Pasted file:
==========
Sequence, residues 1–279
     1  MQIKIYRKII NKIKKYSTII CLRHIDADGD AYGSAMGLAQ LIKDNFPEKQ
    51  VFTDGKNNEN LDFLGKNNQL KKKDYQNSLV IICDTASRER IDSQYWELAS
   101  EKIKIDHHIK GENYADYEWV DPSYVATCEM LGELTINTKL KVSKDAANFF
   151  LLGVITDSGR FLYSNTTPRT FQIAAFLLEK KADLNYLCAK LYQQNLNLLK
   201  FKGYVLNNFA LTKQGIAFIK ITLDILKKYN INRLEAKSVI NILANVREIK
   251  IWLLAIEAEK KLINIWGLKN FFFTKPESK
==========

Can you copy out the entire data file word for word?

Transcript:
Sequence, residues 1–279
     1  MQIKIYRKII NKIKKYSTII CLRHIDADGD AYGSAMGLAQ LIKDNFPEKQ
    51  VFTDGKNNEN LDFLGKNNQL KKKDYQNSLV IICDTASRER IDSQYWELAS
   101  EKIKIDHHIK GENYADYEWV DPSYVATCEM LGELTINTKL KVSKDAANFF
   151  LLGVITDSGR FLYSNTTPRT FQIAAFLLEK KADLNYLCAK LYQQNLNLLK
   201  FKGYVLNNFA LTKQGIAFIK ITLDILKKYN INRLEAKSVI NILANVREIK
   251  IWLLAIEAEK KLINIWGLKN FFFTKPESK